Completed Berkeley Database Projects
adaptive, multiuser continuous query engine for data streams and
remote data sources. It features an adaptive query processing
infrastructure built on Eddies and related technologies, supporting
shared processing of multiple overlapping queries, and extensible
handling of streams under overload. Additional research topics
include support for parallel fault tolerance and load balancing,
archive management and querying, and partial results to ongoing
queries. Telegraph has been used in a number of applications,
including high-speed network monitoring.
internet-scale query processor that builds upon peer-to-peer
Distributed Hash Table (DHT) technologies to enable SQL-style
and continuous queries over massively distributed data sources.
are XML message brokers
; systems that filter, transform,
and route XML documents on the fly.
embedded query processor for wireless sensor networks. It allows data
acquisition and query execution to be specified in a declarative
manner, and optimizes such specifications into distributed
computations over an ad hoc wireless network.
The CONTROL project studied interactive, online processing of large data sets.
It included work on Online Aggregation and query processing, online
association rule mining
online data visualization (CLOUDS
and online cleaning and transformation for large data sets
(Potter's Wheel ABC
The Potter's Wheel work was incorporated into the Cohera Catalog Manager,
now part of
Oracle's PeopleSoft Catalog Management
The GiST project studied engineering and mathematical fundamentals for
indexing of massive amounts of complex data. It included the libGiST
C++ library and the
analysis framework; an implementation of GiST indexes for PostgreSQL
that is now part of its standard distribution,
and a key piece of PostGIS
and research results on indexing and indexability.
A scientific database workflow system. Subprojects include:
the NASA Earth Observing System Data and Information System
Alternative Architecture prototype.
ESMDIS: the Earth System Model Data Information System prototype.
part of a
to create a federation of data producers.
BigSur has been commercialized by
Berkeley Earth Science Tools, Inc.
A database visualization system. The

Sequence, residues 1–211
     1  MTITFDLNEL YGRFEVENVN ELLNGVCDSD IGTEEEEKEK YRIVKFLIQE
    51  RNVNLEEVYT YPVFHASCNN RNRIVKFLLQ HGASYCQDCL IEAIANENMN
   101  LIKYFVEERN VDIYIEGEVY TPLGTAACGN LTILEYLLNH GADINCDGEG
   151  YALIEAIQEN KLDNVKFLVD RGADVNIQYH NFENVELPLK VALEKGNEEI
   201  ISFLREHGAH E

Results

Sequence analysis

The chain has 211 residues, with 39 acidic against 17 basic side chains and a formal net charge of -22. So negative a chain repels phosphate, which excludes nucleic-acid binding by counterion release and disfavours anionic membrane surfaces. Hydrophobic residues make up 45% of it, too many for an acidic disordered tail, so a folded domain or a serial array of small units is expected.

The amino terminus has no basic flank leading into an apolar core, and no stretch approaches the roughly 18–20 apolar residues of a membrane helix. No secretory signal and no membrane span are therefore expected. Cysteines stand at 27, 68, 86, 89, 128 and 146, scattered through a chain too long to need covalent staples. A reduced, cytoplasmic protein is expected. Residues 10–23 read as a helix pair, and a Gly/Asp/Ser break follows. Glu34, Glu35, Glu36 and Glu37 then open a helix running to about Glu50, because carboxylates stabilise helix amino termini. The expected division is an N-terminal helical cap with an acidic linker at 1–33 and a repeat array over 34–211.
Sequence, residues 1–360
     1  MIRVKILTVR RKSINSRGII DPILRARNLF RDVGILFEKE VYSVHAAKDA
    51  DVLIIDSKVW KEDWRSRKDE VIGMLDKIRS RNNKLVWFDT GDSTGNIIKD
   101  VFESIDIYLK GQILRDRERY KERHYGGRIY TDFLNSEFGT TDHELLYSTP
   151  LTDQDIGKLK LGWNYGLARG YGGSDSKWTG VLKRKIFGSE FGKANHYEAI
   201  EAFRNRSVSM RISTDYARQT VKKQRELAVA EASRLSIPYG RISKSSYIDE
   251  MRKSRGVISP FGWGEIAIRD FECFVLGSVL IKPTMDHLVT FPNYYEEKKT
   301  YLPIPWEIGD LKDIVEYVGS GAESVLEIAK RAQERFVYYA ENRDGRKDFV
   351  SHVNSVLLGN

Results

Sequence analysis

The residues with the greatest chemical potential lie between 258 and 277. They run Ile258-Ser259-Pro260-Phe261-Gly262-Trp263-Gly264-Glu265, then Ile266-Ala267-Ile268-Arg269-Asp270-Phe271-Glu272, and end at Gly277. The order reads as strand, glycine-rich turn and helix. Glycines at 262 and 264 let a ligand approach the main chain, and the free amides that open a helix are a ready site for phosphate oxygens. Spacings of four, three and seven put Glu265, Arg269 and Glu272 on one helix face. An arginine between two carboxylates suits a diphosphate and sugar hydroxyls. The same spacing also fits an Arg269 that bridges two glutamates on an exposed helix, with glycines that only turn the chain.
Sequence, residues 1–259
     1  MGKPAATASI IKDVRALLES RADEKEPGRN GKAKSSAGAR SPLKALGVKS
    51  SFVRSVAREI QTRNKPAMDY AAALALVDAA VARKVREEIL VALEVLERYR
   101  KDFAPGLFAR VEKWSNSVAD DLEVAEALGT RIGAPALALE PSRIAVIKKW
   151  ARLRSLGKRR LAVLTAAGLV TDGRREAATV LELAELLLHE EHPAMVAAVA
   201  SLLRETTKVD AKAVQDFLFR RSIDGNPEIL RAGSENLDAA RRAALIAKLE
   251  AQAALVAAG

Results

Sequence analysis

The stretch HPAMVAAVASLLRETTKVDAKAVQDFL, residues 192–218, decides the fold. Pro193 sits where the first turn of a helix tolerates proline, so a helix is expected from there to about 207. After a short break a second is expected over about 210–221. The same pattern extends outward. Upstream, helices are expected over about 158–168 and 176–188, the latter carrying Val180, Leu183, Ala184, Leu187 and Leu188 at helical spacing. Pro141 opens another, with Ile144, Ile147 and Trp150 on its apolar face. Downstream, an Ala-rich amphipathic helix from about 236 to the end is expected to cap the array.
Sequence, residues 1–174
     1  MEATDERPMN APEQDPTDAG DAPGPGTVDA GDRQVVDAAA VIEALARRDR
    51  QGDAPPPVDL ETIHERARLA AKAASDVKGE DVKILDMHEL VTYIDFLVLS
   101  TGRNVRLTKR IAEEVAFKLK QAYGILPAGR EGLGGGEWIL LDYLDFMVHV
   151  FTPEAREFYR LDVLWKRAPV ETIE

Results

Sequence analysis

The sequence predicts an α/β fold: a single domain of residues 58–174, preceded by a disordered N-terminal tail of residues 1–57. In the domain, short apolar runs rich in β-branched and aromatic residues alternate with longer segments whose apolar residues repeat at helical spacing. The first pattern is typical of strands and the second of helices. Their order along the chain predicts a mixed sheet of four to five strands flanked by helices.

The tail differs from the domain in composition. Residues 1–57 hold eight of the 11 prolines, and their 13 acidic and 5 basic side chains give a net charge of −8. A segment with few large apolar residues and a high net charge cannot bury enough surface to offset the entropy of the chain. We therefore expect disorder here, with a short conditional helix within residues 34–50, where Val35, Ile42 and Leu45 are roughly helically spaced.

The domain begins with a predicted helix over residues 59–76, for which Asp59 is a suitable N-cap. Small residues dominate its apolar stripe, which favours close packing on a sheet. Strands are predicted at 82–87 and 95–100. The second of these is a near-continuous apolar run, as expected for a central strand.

designed and prototyped a database browser and visual programming language (using a
``boxes and arrows'' paradigm) for scientific applications.
The ideas behind DataSplash have been commercialized in the Visionary product of Informix Software, Inc.
Version 0.10 was the last public release of this software. As of 1998, this software is no longer being developed or supported by U. C.
An agoric distributed database system. The
designed and prototyped a scalable (10000+ site) wide-area distributed data manager.
Mariposa has been commercialized by Cohera Corp. (now a part of Oracle).
Version Alpha-1 was the last public release of Mariposa. As of 1997, this software is no longer being developed or supported by U. C.
A group of volunteers significantly enhanced University POSTGRES 4.2 (SQL support, working aggregates, etc.), resulting in
PostgreSQL (at one time known
The University POSTGRES project, which demonstrated the practicality of object-relational technology, was
discontinued in 1994.
POSTGRES was commercialized by Illustra Information Technologies,
which was purchased by Informix Corporation, which in turn was
purchased by IBM.
Version 4.2 was the last public release of University POSTGRES. As of 1994, this software is no longer being developed or supported by
U. C. Berkeley.
The University INGRES project, one of the pioneering relational database management systems, was discontinued in 1985.
INGRES was commercialized by Relational Technology, Inc. (a.k.a. Ingres Corp., a division of The ASK Group; subsequently part of Computer Associates, now Actian Corp.).
Version 8.9 was the last public release of University INGRES. As of 1985, this software is no longer being developed or supported by U.
C. Berkeley. However, commercial
was released as open source.